Stanley R. Alten teaches audio production, TV/film aesthetics, writing, and criticism. Before joining the Syracuse University faculty, he worked in radio and television as a producer, writer, sound designer, performer, and station manager in numerous markets, including Philadelphia, New York, and Boston. He also has many film and record production credits and continues to be professionally active through his own production company. Alten is an internationally recognized authority in sound production. He is the author of AUDIO IN MEDIA, the leading audio-production text in North America for more than two decades. The book has been translated into Spanish, Korean, German, and Chinese. Recently, Alten authored a brief version of it titled AUDIO BASICS, also published with Cengage Learning. Other writing credits include AUDIO AND MEDIA: THE RECORDING STUDIO, which focuses on music recording. He also has written many articles for the ENCYCLOPEDIA OF RADIO, WORLD BOOK ENCYCLOPEDIA (for which he served as audio editor), and the INTERNATIONAL ENCYCLOPEDIA OF EDUCATION, 2nd Edition. He has been honored for teaching excellence by the Outstanding Educators of America, Alpha Epsilon Rho, and the National Science Foundation.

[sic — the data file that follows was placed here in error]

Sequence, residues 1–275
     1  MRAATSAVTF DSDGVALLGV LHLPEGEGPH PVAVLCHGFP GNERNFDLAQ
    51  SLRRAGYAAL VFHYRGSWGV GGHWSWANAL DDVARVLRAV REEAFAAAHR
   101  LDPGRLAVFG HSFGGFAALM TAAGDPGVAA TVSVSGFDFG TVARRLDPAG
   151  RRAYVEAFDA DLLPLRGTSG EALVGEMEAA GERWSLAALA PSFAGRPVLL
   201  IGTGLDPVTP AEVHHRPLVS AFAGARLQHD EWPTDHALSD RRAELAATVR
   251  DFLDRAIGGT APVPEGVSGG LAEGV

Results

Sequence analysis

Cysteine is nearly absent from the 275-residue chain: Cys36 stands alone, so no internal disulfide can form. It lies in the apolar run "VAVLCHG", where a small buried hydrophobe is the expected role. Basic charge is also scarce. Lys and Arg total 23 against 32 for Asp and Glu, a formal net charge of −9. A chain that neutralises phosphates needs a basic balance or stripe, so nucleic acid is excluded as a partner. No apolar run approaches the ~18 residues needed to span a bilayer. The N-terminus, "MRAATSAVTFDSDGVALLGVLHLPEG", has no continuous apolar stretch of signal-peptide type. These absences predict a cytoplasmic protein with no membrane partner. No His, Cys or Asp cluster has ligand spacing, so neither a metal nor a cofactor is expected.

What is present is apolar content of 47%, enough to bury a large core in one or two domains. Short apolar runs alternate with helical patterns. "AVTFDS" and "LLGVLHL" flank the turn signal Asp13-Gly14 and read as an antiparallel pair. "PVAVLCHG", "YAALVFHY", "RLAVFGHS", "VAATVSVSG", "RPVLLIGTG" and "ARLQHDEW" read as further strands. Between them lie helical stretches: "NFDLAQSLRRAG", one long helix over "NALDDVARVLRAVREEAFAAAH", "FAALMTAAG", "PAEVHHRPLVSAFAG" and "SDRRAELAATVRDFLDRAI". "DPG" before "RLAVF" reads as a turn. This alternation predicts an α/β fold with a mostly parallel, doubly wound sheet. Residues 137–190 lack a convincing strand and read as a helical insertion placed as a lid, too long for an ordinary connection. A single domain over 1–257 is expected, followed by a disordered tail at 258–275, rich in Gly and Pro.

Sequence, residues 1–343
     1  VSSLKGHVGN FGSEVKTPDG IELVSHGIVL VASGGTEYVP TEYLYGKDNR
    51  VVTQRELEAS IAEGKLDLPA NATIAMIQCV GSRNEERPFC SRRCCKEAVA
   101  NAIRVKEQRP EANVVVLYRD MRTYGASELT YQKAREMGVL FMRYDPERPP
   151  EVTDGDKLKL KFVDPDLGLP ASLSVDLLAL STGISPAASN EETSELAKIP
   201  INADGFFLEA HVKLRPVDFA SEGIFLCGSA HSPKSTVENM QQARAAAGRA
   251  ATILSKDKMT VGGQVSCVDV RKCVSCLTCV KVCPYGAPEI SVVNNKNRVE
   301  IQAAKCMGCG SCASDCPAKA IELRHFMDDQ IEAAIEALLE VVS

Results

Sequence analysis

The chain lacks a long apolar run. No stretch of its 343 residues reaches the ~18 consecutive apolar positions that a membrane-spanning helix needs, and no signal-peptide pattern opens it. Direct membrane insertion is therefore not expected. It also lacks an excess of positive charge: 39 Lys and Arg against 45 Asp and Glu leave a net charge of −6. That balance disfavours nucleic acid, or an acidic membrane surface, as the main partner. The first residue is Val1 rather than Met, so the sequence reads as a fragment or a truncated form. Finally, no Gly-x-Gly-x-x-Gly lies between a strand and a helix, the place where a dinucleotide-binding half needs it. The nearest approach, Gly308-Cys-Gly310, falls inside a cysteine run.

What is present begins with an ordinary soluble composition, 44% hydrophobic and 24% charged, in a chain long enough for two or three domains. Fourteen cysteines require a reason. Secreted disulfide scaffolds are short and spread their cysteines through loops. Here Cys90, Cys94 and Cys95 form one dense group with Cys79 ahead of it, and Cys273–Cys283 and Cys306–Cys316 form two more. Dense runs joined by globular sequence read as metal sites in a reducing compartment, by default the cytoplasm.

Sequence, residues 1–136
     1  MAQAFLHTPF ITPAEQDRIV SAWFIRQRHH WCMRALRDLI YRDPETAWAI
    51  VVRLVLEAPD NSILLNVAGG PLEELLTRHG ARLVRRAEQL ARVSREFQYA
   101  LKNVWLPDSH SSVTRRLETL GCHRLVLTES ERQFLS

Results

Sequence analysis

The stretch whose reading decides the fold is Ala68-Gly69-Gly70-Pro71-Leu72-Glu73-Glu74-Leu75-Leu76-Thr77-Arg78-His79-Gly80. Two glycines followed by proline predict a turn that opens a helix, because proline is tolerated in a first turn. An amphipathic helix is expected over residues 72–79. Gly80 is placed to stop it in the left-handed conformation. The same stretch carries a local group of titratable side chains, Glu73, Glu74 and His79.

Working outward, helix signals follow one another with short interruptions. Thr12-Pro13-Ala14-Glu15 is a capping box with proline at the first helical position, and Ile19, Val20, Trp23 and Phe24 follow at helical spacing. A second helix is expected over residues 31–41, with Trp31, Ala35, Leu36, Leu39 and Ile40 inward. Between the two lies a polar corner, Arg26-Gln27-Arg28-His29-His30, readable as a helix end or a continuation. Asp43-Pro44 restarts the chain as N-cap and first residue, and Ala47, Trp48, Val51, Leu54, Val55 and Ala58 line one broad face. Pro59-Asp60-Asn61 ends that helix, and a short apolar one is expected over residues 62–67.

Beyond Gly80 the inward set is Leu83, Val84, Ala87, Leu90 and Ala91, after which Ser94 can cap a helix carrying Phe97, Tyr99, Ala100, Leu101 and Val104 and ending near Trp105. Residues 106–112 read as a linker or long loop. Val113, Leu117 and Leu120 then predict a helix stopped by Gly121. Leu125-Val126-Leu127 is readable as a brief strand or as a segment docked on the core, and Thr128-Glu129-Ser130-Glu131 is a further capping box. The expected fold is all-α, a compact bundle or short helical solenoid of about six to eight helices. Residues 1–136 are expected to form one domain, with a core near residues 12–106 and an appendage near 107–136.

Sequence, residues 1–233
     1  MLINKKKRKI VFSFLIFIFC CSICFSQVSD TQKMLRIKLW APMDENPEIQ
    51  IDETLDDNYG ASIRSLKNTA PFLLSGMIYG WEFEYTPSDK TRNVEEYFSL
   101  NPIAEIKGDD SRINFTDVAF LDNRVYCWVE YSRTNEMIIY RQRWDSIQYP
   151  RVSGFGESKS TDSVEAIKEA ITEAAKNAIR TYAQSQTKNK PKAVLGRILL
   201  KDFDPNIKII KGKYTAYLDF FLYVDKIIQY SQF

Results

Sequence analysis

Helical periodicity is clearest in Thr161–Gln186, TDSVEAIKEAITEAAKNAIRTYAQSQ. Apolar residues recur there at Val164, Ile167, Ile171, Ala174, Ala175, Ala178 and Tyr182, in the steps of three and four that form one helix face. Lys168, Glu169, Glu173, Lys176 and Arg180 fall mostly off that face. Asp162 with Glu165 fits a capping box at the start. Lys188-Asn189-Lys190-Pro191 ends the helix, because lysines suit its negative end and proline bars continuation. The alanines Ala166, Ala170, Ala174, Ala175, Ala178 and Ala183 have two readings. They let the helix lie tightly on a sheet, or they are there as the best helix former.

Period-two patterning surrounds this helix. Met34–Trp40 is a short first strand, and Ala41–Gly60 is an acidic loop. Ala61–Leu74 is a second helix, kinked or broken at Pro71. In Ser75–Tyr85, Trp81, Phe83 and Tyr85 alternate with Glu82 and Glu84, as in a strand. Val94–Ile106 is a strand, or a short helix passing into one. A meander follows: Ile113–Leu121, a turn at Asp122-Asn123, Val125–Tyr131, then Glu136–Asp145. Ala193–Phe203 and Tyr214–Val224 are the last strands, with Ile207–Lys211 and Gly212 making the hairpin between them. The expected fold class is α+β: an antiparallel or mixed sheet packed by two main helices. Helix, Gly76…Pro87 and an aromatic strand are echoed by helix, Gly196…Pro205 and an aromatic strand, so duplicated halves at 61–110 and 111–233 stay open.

Jason Falls

jason fallsJason Falls is one of the leading thinkers, consultants, strategists and educators in the emerging world of social media marketing. His insights and ideas have helped International, national and niche brands like Jim Beam Bourbon, Humana, Expion, Maker’s Mark Bourbon, the Envelope Manufacturers of America, National Stem Cell Foundation, eXtension, SHPS and the National Center for Family Literacy. He is the editor of, one of the web’s most widely read social media marketing blogs, and founder of, a learning community focused on providing education and counsel for those needing help with digital and social media marketing. He lives in Louisville, Ky.

Jason is the author of No Bullshit Social Media and The Rebel’s Guide to Email Marketing: Grow Your List, Break the Rules, and Win (Que Biz-Tech).

Dick Weissman